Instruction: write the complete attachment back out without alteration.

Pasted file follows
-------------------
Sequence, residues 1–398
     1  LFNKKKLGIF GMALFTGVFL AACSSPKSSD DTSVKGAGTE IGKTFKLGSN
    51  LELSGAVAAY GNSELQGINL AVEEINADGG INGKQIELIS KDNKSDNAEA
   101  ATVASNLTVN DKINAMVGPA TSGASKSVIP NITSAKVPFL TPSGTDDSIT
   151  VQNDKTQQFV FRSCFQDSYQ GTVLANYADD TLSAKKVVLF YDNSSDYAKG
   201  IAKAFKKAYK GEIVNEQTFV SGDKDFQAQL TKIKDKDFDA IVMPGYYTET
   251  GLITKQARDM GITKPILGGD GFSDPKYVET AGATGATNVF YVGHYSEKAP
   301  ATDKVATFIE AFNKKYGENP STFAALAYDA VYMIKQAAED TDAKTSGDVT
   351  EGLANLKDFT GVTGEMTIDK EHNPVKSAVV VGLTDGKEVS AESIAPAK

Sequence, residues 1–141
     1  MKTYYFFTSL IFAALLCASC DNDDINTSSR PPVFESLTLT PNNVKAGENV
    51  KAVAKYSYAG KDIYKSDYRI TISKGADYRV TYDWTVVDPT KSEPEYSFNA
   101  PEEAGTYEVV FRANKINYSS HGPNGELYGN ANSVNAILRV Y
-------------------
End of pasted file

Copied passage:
Sequence, residues 1–398
     1  LFNKKKLGIF GMALFTGVFL AACSSPKSSD DTSVKGAGTE IGKTFKLGSN
    51  LELSGAVAAY GNSELQGINL AVEEINADGG INGKQIELIS KDNKSDNAEA
   101  ATVASNLTVN DKINAMVGPA TSGASKSVIP NITSAKVPFL TPSGTDDSIT
   151  VQNDKTQQFV FRSCFQDSYQ GTVLANYADD TLSAKKVVLF YDNSSDYAKG
   201  IAKAFKKAYK GEIVNEQTFV SGDKDFQAQL TKIKDKDFDA IVMPGYYTET
   251  GLITKQARDM GITKPILGGD GFSDPKYVET AGATGATNVF YVGHYSEKAP
   301  ATDKVATFIE AFNKKYGENP STFAALAYDA VYMIKQAAED TDAKTSGDVT
   351  EGLANLKDFT GVTGEMTIDK EHNPVKSAVV VGLTDGKEVS AESIAPAK

Sequence, residues 1–141
     1  MKTYYFFTSL IFAALLCASC DNDDINTSSR PPVFESLTLT PNNVKAGENV
    51  KAVAKYSYAG KDIYKSDYRI TISKGADYRV TYDWTVVDPT KSEPEYSFNA
   101  PEEAGTYEVV FRANKINYSS HGPNGELYGN ANSVNAILRV Y